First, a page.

HARLEM — A few hours after its grand opening, the new International House of Pancakes in East Harlem was stuffed full of customers drowning their flapjacks with syrup — but community advocate Derrick Taitt wasn't one of them.
HARLEM— Everyone else in Richard Ruperto's East Harlem neighborhood seemed to know that he was gay before he did. In the macho atmosphere of Spanish Harlem, some people didn't take well to the idea. "I was spit on, stabbed and jumped by eight to 10 people by the time I got to high school, all because I was gay," said Ruperto, 22, who grew up near Madison Avenue and East 109th Street. "I didn't even have a label for it. No one in my community was out. Other people knew before I knew."
HARLEM — Security guards were stationed on foot bridges Monday outside the East Harlem Target where police say two 12-year-old boys hurled a shopping cart, sending it plunging four stories and critically injuring a woman. Upper West Side real estate broker Marion Hedges had been at East River Plaza with her son when she was struck by the cart. Yolanda Lopez had witnessed the horror on Sunday. On Monday, she was back at the plaza trick or treating with her son. "I saw the woman laying on the ground.
Muck Rack makes it simple to find people, tweets, or articles that mention any name, keyword, company, hashtag etc. We've compiled this guide to help you make the most of your search.
Selecting a term
Start searching tweets, articles from media outlets, articles mentioned in tweets, journalists'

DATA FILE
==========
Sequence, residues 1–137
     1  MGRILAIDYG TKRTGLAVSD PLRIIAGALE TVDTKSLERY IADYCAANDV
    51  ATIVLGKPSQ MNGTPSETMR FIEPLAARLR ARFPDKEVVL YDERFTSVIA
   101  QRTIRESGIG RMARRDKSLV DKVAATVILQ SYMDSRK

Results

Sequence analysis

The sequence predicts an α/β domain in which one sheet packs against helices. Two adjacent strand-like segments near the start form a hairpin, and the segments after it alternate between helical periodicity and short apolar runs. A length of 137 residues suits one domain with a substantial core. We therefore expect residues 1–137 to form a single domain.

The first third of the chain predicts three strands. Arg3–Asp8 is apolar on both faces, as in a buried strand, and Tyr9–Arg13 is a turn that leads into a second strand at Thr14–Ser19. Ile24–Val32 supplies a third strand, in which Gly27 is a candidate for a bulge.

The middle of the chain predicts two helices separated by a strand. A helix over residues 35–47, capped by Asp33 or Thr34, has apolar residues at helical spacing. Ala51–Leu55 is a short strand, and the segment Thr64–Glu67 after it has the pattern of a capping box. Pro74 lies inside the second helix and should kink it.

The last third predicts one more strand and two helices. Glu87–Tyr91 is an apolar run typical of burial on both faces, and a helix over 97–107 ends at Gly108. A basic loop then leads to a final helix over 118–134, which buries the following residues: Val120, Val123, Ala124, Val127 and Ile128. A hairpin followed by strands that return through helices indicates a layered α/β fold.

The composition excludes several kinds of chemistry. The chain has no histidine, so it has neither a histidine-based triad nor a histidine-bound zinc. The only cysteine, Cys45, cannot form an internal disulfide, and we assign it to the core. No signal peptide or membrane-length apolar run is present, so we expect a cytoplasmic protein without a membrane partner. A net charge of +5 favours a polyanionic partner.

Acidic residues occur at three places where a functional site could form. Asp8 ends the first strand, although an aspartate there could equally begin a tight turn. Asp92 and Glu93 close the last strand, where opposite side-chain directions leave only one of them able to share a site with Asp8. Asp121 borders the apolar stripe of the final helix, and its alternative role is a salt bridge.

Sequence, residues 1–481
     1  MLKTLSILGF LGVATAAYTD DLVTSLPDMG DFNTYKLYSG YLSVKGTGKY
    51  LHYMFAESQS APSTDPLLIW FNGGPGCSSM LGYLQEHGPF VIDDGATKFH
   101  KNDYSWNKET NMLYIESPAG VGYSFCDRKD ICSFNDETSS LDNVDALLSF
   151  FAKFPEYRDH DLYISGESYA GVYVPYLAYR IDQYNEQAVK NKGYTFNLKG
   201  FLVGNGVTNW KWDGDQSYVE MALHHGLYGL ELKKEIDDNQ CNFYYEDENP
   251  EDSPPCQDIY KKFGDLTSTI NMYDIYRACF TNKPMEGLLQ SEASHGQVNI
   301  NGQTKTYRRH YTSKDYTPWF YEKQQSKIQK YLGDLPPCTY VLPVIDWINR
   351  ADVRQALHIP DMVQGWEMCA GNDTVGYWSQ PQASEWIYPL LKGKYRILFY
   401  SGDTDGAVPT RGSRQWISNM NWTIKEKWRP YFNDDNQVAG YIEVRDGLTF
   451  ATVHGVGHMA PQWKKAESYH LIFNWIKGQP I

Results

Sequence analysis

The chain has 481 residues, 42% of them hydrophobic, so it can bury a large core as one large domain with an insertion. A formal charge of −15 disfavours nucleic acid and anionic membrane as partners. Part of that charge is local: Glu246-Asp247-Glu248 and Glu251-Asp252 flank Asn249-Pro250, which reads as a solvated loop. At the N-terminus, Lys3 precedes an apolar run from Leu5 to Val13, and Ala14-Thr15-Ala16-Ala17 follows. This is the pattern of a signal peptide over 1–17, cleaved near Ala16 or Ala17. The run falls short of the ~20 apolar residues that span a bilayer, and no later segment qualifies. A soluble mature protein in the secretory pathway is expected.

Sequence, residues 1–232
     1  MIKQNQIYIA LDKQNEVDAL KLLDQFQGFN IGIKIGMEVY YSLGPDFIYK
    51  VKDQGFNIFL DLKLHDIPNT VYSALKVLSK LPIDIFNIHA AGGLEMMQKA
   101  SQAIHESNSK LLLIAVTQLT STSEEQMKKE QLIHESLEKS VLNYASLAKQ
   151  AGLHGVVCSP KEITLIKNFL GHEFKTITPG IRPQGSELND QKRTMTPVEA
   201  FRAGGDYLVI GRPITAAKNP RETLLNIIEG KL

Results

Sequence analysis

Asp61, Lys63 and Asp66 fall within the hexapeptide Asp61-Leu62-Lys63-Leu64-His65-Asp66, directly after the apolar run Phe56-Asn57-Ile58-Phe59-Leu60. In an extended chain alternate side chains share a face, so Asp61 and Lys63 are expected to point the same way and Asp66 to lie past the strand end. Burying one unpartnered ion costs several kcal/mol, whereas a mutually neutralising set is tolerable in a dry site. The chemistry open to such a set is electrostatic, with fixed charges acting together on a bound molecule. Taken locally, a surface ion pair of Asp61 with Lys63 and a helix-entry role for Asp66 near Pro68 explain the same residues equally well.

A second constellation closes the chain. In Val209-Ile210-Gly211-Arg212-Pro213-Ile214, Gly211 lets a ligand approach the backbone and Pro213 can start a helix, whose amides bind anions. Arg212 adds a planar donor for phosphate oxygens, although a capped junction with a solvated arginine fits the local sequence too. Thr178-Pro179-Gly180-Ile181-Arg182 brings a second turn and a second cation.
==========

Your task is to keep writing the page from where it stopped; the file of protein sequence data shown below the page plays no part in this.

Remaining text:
names, titles and bios with some suggested searches:
Companies or Topics (e.g. iPhone, Microsoft)
Phrases (e.g. "cloud computing") — use quotes to keep the terms together
Twitter handles (e.g. @username) — returns those who have mentioned or replied to
Names (e.g. "David Pogue")
Hashtags (e.g. #sxsw, #london2012)
Bio details (e.g. vegan, Olympics, father)
Muck Rack's Advanced Search allows for many boolean operators.
Find results that mention multiple specified terms, use AND or
+. For example, ensure each result contains both Elon Musk and Mark Zuckerberg by
searching Musk AND Zuckerberg or Musk + Zuckerberg.
Use the operators OR or , to broaden your search when you'd like either of
multiple terms to appear in results. (This is the default behavior of our search when no operators
are used). For example, results will contain either cake or cookie by searching cake OR cookie or cake,cookie
Use NOT or - to subtract results from your search. For
example, searching Disney will yield results about the Walt Disney Company as well as Walt Disney
World Resort. To exclude mentions of Disney World, search for Disney -World or Disney
When using one of these operators with a phrase, enclose it in quotation marks. For example, you can
find results about smartphones excluding Apple's iPhone 4S by searching smartphone -"iPhone
Exact case matching or punctuation
If you're searching for a brand name or keyword that relies on specific punctuation marks or capitalization, you can
find results that match your exact query by adding matchcase: before the keyword you're searching for, like matchcase:E*TRADE .
Use parentheses to separate multiple
boolean phrases. For example, to find journalists talking about having fun in Disney World or
Disneyland, search for ("disney world" OR disneyland) AND fun.
An asterisk can be used to search for any variation of a root word truncated by the asterisk. For example, searching for admin* will return results for administrator, administration, administer, administered, etc.
A near operator is an AND operator where you can control the distance between the words. You can vary the distance the near operation uses by adding a forward slash and number (between 0-99) such as strawberries NEAR/10 "whipped cream", which means the strawberries must exist within 10 words of "whipped cream".